Stockholders’ equity:

    

Common stock—$.01 par value; 60,000,000 shares authorized; 27,888,217 shares issued as of June 30, 2012 and June 30, 2011

     279        279   

Additional paid-in capital

     116,693        113,686   

Retained earnings

     117,419        100,231   

Accumulated other comprehensive income

     771        1,436   
  

 

 

   

 

 

 
     235,162        215,632   

Less treasury stock, at cost—2,141,990 and 1,417,539 shares as of June 30, 2012 and June 30, 2011

     (24,065     (15,961
  

 

 

   

 

 

 

Total stockholders’ equity

     211,097        199,671   
  

 

 

   

 

 

 

Total liabilities and stockholders’ equity

   $ 323,135      $ 306,436   
  

 

 

   

 

 

 

See accompanying notes.

 

- 39 -


Table of Contents

Matrix Service Company

Consolidated Statements of Cash Flows

(In thousands)

 

     Twelve Months Ended  
     June 30,
2012
    June 30,
2011
    June 30,
2010
 

Operating activities:

      

Net income

   $ 17,188      $ 18,982      $ 4,876   

Adjustments to reconcile net income to net cash provided by operating activities, net of effects of acquisitions:

      

Depreciation and amortization

     11,485        11,067        11,751   

(Gain) loss on sale of property, plant and equipment

     (158     113        209   

Allowance for uncollectible accounts

     24        447        2,892   

Stock-based compensation expense

     3,504        2,395        2,052   

Adjustment of acquisition payable

     (400     —          —     

Other

     217        231        484   

Deferred income taxes

     83        3,743        (3,556

Tax benefit deficiency from the vesting of deferred shares

     (152     (159     (578

Changes in operating assets and liabilities increasing (decreasing) cash, net of effects from acquisitions:

      

Accounts receivable

     (4,575     (16,499     12,003   

Costs and estimated earnings in excess of billings on uncompleted contracts

     (28,506     890        (5,724

Inventories

     (233     1,202        1,238   

Other assets

     (1,888     2,028        615   

Accounts payable

     12,862        (9,326     1,693   

Billings on uncompleted contracts in excess of costs and estimated earnings

     (5,192     6,608        (22,816

Accrued expenses

     (1,318     1,027        (740
  

 

 

   

 

 

   

 

 

 

Net cash provided by operating activities

     2,941        22,749        4,399   

Investing activities:

      

Acquisition of property, plant and equipment

     (13,534     (10,416     (5,302

Proceeds from asset sales

     598        150        218   

Acquisitions, net of cash acquired

     241        (3,800     —     
  

 

 

   

 

 

   

 

 

 

Net cash used by investing activities

   $ (12,695   $ (14,066   $ (5,084

See accompanying notes.

 

- 40 -


Table of Contents

Matrix Service Company

Consolidated Statements of Cash Flows (continued)

(In thousands)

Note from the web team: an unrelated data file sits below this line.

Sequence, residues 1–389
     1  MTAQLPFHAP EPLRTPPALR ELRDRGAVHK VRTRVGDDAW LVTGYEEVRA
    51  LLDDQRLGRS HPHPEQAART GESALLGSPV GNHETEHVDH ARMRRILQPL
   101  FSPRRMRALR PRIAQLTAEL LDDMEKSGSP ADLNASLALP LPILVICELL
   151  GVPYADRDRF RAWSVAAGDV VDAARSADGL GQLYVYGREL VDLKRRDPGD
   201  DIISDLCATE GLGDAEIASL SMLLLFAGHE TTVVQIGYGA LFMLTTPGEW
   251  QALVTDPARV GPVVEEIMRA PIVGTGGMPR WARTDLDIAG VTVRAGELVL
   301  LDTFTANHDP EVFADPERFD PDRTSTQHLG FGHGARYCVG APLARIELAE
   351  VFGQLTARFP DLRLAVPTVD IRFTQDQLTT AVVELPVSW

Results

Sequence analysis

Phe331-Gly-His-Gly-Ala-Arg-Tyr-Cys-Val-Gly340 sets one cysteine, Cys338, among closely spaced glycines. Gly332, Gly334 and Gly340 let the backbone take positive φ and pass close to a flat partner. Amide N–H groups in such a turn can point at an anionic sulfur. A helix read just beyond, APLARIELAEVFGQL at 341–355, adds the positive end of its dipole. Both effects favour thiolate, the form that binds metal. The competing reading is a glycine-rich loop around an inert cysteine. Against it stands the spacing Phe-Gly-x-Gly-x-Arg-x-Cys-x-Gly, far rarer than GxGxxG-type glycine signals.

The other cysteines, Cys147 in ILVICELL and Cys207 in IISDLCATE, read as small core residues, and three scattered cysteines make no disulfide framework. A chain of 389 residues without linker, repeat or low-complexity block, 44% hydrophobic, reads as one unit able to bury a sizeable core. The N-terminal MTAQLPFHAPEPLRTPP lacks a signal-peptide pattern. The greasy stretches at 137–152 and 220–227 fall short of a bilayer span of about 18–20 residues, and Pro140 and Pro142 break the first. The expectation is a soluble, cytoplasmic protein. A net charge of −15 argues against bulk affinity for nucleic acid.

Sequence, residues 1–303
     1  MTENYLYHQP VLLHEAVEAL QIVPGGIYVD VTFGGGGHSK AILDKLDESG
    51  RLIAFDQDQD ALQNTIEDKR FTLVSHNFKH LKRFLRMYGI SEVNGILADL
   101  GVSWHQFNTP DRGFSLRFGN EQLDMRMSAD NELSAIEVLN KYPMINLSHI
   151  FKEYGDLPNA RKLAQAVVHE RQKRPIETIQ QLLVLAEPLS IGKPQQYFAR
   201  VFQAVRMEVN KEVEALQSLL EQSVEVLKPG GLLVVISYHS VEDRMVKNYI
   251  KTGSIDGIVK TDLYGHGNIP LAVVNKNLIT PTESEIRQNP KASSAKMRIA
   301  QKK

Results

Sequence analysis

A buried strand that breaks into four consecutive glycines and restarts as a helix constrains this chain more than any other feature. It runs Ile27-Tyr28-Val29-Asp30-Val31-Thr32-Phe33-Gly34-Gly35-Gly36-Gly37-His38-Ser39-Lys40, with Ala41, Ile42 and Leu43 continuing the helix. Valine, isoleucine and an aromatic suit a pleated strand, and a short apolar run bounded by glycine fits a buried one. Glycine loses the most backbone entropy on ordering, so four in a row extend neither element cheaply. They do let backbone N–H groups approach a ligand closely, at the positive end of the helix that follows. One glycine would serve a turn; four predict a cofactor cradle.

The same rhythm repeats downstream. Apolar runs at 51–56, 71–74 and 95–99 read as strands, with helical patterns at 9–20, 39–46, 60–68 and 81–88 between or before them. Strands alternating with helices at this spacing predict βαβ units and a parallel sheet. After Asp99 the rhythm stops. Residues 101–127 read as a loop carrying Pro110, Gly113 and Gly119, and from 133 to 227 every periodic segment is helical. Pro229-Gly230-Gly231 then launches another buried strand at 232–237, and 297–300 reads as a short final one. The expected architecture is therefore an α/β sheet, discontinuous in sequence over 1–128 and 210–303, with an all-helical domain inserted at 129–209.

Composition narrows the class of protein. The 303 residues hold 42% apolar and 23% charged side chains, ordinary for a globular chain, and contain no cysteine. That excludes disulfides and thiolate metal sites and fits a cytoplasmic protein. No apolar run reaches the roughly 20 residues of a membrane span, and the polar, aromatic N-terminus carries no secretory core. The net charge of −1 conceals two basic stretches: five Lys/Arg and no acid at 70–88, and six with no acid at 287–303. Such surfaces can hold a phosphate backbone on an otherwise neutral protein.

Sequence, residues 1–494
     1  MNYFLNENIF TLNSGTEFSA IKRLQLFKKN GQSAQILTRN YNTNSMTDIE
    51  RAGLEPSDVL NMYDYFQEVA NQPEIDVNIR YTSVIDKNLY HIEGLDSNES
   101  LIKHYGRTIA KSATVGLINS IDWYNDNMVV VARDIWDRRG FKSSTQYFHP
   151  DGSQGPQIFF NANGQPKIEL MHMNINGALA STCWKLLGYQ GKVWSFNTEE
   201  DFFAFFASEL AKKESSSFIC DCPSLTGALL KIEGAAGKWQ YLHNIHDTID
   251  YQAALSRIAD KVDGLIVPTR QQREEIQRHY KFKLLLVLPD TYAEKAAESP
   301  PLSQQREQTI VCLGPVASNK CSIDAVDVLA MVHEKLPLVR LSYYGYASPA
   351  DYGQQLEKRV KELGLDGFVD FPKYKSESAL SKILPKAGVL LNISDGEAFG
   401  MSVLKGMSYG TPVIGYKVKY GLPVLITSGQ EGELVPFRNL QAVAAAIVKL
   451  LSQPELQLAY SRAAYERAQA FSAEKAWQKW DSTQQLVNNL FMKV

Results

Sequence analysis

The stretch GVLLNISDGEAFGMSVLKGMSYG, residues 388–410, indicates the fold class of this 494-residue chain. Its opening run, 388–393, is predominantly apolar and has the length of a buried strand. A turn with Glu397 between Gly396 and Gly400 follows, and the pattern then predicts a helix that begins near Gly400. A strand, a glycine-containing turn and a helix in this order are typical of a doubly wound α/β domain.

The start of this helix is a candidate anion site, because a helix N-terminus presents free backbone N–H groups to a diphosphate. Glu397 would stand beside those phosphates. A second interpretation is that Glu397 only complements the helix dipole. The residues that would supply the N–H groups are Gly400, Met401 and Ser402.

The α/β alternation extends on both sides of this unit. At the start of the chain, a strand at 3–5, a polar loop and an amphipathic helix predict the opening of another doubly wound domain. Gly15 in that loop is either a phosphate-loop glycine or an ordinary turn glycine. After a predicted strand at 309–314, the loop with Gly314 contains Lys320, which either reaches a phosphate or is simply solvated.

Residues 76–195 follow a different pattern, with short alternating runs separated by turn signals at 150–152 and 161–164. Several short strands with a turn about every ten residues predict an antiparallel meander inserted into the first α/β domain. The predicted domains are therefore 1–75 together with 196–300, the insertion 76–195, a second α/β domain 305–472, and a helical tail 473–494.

Twelve Months Ended  
     June 30,
2012
    June 30,
2011
    June 30,
2010
 

Financing activities:

      

Exercise of stock options

   $ 167      $ 166      $ 115   

Capital lease payments

     (258     (731     (1,077

Excess tax benefit of exercised stock options and vesting of deferred shares

     —          50        82   

Advances under credit agreement

     9,105        —          —     

Repayments of advances under credit agreement

     (9,105     —          —     

Payment of debt amendment fees

     (643     (216     —     

Treasury shares sold to Employee Stock Purchase Plan

     47        10        —     

Open market purchase of treasury shares

     (8,126     —          —     

Other treasury share purchases

     (537     (299     (473
  

 

 

   

 

 

   

 

 

 

Net cash used by financing activities

     (9,350     (1,020     (1,353

Effect of exchange rate changes on cash

     (527     795        461   
  

 

 

   

 

 

   

 

 

 

Net increase (decrease) in cash and cash equivalents

     (19,631     8,458        (1,577

Cash and cash equivalents, beginning of period

     59,357        50,899        52,476   
  

 

 

   

 

 

   

 

 

 

Cash and cash equivalents, end of period

   $ 39,726      $ 59,357      $ 50,899   
  

 

 

   

 

 

   

 

 

 

Other cash flow information:

      

Cash paid during the period for:

      

Income taxes

   $ 12,016      $ 6,251      $ 8,641   
  

 

 

   

 

 

   

 

 

 

Interest

   $ 478      $ 632      $ 530   
  

 

 

   

 

 

   

 

 

 

Non-cash investing:

      

Purchases of property, plant and equipment on account

   $ 457      $ 765      $ 41   
  

 

 

   

 

 

   

 

 

 

See accompanying notes.

 

- 41 -


Table of Contents

Matrix Service Company

Consolidated Statements of Changes in Stockholders’ Equity

(In thousands, except share data)

 

    Common
Stock
    Additional
Paid-In  Capital
    Retained
Earnings
    Treasury
Stock
    Accumulated
Other
Comprehensive
Income(Loss)
    Total  

Balances, June 30, 2009

  $ 279      $ 110,496      $ 76,387      $ (16,146   $ (219   $ 170,797   

Net income

    —          —          4,876        —          —          4,876   

Other comprehensive income

    —          —          —          —          714        714   

Exercise of stock options (31,900 shares)

    —          38        (11     88        —          115   

Tax effect of exercised stock options and vesting of deferred shares

    —          (496     —          —          —          (496